Amino Apps Makes the Case for Anonymity Online
Over the last several years, a number of social media and dating platforms have begun emphasizing users’ real names. Facebook started requiring people sign up with their “authentic” names in 2014. Twitter invited anyone to apply to be “verified”—meaning Twitter certified they were who they claimed—in 2016. In December, OkCupid said it would no longer allow prospective daters to use names like “sexgirl_420.”
That call to de-anonymize the internet found renewed support last year, after Russian propagandists—often posing as Americans—flooded platforms like Twitter and Facebook during 2016 US presidential campaign. Mark Cuban demanded Twitter and Facebook “confirm a real name and real person behind every account.” Organizations such as the Electronic Frontier Foundation, meanwhile, have long argued that anonymity is crucial for democracy because it allows marginalized voices to speak without the fear of retribution.
It’s not hard to understand why platforms might want users to go by the names they use in real life. It’s easier to sell advertisements if you can tell companies what kinds of people will see them, and there’s a hope that people using their real identities will act more civil online. But a relatively new, smaller social network called Amino Apps isn’t buying it.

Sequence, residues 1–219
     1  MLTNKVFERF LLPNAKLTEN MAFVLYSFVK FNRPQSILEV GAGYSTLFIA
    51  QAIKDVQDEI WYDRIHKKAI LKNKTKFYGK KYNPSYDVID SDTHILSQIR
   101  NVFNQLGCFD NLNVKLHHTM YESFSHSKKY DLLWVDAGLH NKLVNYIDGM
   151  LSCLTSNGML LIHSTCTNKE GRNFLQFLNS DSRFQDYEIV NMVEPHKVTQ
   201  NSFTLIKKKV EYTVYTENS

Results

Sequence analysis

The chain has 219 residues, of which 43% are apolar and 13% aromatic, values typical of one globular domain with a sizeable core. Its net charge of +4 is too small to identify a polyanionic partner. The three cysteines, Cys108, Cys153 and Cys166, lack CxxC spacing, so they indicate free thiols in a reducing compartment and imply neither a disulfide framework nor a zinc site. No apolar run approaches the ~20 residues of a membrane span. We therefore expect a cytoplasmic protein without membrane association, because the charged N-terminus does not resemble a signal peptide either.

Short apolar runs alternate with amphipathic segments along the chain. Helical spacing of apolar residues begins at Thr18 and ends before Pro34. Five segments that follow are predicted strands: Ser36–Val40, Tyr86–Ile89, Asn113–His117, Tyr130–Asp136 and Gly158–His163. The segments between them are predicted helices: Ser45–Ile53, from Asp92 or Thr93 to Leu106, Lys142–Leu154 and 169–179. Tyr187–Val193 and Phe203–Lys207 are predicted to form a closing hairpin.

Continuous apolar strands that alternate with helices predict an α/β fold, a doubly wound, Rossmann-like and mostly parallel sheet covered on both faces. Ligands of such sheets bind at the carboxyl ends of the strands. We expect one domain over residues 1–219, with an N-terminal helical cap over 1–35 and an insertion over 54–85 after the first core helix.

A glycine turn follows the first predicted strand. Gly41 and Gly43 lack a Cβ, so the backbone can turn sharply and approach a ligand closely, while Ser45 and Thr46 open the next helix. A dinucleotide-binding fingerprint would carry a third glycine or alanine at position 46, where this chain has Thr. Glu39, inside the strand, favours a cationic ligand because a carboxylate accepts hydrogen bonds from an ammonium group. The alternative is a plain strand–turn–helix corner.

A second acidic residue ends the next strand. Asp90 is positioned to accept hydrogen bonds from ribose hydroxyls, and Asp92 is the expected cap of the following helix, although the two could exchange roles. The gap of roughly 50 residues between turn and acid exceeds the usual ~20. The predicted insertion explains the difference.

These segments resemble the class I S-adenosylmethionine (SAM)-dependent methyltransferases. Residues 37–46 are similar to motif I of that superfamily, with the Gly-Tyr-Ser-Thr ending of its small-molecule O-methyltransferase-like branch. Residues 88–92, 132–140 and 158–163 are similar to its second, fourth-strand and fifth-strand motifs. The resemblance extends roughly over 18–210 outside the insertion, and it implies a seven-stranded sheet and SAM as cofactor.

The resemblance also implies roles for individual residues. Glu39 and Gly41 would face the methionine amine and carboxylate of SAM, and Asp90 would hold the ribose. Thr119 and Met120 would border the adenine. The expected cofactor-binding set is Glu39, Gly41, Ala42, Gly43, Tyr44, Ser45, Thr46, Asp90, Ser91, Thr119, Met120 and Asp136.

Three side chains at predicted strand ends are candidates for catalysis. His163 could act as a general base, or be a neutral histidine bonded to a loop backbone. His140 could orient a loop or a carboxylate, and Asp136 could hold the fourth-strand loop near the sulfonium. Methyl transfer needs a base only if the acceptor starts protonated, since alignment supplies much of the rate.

The mobile-first platform aimed at teens is organized similarly to Reddit—which also doesn’t require real names—but has the emotional, nerdy attitude of Tumblr. Amino Apps CEO and co-founder Ben Anderson believes anonymity is integral to self-expression—and the way the platform engineered identity has uniquely shaped how it functions.
‘Anonymity is actually less immediately impactive on social behavior than we might assume or expect.’
Whitney Phillips, Mercer University
Amino comprises different communities structured around certain interests, just like Reddit. But that’s where the similarities stop. Reddit has always thrived as a minimalist desktop site; it didn’t even release its own mobile app until 2016. While Amino has a desktop site, you can’t post from it. And it began as a sprawling network of 90 or so different mobile apps. The company only built a centralized portal two years ago through which every community can be accessed. Before then, joining another Amino community meant downloading a separate app. With the centralized structure—and the ability for every user to start a new one—Amino now has over a million communities.